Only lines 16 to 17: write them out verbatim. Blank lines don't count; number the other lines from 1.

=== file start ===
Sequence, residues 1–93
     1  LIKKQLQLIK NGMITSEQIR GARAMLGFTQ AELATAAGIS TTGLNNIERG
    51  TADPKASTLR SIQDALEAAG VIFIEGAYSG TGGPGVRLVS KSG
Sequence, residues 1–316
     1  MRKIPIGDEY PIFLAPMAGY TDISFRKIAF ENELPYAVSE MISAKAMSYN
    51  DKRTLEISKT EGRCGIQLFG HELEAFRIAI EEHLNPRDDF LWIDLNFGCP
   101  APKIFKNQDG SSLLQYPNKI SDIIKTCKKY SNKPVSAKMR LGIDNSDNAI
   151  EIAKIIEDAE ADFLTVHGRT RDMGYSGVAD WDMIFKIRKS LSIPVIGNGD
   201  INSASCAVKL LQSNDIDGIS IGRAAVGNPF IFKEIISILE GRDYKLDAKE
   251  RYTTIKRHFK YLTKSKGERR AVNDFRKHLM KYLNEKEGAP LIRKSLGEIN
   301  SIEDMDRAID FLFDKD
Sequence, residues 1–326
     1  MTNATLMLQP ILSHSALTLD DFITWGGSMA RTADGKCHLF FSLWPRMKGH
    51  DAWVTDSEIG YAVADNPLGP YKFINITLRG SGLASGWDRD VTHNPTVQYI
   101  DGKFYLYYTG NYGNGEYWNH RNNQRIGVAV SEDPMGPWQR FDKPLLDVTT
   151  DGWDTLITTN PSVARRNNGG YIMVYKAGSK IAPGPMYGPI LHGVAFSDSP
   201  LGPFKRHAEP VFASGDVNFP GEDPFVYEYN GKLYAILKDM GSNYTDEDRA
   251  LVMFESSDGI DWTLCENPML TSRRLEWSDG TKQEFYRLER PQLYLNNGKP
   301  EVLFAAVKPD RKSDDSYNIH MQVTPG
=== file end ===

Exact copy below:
   151  DGWDTLITTN PSVARRNNGG YIMVYKAGSK IAPGPMYGPI LHGVAFSDSP
   201  LGPFKRHAEP VFASGDVNFP GEDPFVYEYN GKLYAILKDM GSNYTDEDRA